Senate committee acts to protect miner pensions
OREANDA-NEWS. September 22, 2016. The Senate Finance Committee today advanced a bill that would shore up retired coal miners' pension funds and healthcare benefits.
The committee voted 18-8 to pass the Miners Protection Act of 2016 without amendment. The bill, S 1714, attracted bipartisan support although all eight "no" votes came from panel Republicans.
The issue of protecting retired mine workers compensation has taken on greater urgency in recent years as market conditions weakened and companies entered bankruptcy proceedings. Legislation to try to shore up workers' benefits appears to have support from both parties, including from Democratic presidential candidate Hillary Clinton.
But it is unclear if the bill will become law, or even when it could be considered by the full Senate. Majority leader Mitch McConnell's (R-Kentucky) office said it has not decided when to bring the bill to the floor for a vote.
The bill, which was introduced by senator Joe Manchin (D-West Virginia) last year, would amend the Surface Mining Control and Reclamation Act of 1977 to allow interest earned by the Abandoned Mine Reclamation Fund and certain other funds to be transferred to the Multiemployer Health Benefit Fund and the 1974 United Mine Workers of America (UMWA) Pension Plan. The transfers would be used to shore up healthcare and pension funds for retired coal miners who are currently enrolled in the plan, or whose benefits would be reduced as a result of coal company bankruptcy proceedings.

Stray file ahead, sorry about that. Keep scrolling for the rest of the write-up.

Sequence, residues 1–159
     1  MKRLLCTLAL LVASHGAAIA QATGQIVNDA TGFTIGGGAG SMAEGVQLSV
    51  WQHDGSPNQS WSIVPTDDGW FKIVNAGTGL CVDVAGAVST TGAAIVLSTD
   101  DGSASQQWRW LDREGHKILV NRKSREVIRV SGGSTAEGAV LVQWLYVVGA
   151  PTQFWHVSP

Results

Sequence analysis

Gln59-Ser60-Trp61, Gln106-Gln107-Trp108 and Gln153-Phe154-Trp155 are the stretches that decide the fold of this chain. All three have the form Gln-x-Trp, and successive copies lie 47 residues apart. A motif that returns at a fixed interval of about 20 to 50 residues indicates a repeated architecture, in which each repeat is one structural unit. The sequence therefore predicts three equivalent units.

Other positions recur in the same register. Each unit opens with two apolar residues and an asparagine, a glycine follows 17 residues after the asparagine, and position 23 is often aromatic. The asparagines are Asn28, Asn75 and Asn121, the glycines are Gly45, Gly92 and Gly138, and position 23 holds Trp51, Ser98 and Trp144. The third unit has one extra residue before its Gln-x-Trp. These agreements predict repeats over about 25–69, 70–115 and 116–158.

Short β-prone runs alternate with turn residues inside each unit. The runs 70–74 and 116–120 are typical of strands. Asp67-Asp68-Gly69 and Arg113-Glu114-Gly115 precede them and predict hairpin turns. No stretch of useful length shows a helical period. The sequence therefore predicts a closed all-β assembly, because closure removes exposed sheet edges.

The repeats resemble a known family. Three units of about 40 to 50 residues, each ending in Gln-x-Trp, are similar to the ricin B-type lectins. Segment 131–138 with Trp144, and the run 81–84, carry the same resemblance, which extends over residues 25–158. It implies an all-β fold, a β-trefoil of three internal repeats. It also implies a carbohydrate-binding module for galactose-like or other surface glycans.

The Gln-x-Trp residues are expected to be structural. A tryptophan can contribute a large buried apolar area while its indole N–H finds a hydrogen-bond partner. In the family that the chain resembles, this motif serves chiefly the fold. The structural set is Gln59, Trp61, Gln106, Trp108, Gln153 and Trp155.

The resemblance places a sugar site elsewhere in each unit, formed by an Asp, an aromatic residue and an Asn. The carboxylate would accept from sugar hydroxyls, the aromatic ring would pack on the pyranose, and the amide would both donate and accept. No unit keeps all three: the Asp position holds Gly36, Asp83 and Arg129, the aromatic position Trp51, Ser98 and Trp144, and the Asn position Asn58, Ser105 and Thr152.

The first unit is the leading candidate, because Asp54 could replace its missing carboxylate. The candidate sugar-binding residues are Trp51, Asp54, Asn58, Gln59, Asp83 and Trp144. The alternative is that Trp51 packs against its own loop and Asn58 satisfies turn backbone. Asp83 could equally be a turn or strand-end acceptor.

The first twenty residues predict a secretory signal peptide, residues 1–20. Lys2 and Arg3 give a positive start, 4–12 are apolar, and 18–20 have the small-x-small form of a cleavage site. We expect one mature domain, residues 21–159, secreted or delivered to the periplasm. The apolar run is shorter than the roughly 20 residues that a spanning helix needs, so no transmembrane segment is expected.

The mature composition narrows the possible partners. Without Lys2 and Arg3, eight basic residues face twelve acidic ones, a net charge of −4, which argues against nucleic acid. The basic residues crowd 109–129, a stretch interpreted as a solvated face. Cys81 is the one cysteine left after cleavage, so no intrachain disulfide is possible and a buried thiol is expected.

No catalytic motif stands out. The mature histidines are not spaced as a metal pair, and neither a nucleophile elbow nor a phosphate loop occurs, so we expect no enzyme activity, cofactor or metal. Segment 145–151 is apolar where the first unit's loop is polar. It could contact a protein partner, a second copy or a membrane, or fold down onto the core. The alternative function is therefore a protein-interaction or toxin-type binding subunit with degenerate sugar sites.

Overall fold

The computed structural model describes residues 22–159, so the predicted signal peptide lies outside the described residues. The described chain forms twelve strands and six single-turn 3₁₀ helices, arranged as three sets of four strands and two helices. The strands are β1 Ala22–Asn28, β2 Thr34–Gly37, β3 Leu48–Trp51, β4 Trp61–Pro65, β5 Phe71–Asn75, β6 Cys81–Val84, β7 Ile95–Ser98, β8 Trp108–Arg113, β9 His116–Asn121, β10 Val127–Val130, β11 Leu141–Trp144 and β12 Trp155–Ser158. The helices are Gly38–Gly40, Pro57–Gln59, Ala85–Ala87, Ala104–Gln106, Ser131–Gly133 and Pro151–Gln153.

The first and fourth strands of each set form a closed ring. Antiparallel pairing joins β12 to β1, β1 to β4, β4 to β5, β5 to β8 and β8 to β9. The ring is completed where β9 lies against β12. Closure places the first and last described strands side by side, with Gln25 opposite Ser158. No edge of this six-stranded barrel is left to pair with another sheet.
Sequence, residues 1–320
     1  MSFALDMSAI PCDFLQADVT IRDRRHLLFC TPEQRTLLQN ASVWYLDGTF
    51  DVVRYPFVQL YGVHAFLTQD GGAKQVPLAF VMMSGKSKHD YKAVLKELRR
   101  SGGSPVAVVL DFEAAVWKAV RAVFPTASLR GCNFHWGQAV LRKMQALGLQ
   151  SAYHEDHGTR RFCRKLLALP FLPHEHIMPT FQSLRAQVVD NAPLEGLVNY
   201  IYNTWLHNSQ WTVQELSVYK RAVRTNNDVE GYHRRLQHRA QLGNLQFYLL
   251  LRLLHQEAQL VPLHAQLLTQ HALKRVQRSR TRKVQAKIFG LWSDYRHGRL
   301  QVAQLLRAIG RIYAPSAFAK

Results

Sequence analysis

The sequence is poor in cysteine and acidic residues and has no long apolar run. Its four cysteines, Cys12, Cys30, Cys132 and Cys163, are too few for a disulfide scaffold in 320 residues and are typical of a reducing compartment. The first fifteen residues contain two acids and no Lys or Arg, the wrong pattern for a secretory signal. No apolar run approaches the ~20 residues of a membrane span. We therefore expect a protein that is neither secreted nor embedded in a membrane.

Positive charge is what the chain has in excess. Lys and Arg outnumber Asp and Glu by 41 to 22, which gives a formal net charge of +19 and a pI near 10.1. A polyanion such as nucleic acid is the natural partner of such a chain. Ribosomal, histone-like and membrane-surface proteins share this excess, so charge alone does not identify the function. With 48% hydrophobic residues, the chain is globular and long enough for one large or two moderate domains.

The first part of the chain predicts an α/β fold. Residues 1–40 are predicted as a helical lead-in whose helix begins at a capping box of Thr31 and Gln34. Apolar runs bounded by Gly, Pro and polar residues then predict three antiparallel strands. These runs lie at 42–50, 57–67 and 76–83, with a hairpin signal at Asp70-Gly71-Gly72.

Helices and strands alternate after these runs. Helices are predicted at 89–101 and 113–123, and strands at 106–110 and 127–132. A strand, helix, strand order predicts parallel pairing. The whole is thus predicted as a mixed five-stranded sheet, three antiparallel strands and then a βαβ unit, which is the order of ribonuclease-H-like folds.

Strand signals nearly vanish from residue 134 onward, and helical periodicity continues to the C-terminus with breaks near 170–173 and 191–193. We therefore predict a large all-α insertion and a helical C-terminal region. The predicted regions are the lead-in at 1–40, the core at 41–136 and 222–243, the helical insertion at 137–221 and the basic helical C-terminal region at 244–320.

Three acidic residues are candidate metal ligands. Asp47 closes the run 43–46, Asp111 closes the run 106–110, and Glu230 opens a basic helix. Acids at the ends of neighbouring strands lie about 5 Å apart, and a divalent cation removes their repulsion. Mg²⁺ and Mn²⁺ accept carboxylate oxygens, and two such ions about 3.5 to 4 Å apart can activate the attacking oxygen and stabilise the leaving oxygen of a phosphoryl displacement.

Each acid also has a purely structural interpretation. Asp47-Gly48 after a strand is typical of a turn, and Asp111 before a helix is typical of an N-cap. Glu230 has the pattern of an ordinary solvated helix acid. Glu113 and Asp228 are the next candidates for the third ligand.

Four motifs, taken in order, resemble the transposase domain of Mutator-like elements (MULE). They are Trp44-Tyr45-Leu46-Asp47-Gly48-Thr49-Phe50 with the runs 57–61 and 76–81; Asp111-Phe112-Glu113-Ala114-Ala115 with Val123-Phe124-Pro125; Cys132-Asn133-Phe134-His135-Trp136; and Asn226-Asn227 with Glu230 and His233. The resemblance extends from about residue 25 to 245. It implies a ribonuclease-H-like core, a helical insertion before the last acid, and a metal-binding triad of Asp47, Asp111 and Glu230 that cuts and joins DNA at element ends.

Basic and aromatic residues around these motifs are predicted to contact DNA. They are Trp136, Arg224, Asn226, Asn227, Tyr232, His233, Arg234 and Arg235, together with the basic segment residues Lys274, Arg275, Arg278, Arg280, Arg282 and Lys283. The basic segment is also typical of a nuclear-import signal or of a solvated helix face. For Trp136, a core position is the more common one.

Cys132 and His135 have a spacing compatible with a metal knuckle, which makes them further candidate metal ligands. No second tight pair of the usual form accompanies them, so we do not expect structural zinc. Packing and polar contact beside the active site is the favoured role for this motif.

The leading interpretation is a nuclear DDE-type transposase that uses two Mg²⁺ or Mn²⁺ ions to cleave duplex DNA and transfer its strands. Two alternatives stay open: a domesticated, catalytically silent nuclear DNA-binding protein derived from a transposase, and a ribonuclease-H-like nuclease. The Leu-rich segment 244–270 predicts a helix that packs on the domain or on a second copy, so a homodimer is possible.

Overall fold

"Tens of thousands of mine workers and their families and widows are headed for a cliff at the end of this year," said senator Ron Wyden (D-Oregon). "This legislation has to get to the president's desk."
A spokesperson for the Senate Finance Committee's minority staff office said the office is confident that the bill can pass the Senate. "This a bipartisan measure," the person said.
But some Republicans are concerned that the legislation sets the government up for bailing out other troubled pension plans.
The bill would "set a dangerous precedent," said senator Michael Enzi (R-Wyoming). There are thousands of underfunded plans, he said. "Providing federal assistance for a private pension plan has never occurred before in the history of the country."
Republican senators said many of the problems with the pension fund were caused by environmental regulations implemented under President Barack Obama.
But senator Maria Cantwell (D-Washington) said the root of the pension problems was the 2008 financial crisis. The UMWA pension fund had been 90pc funded in 2008, but it lost so much money that it was only on track to meet 72pc of its pension obligations after the crisis.
A similar bill, the Coal Healthcare and Pensions Protection Act of 2015 (HR 2403), has been sitting with the House Natural Resources subcommittee on energy and mineral resources for more than a year. Sponsor David McKinley (R-West Virginia) said the bill could gain momentum once the Senate votes on its measure.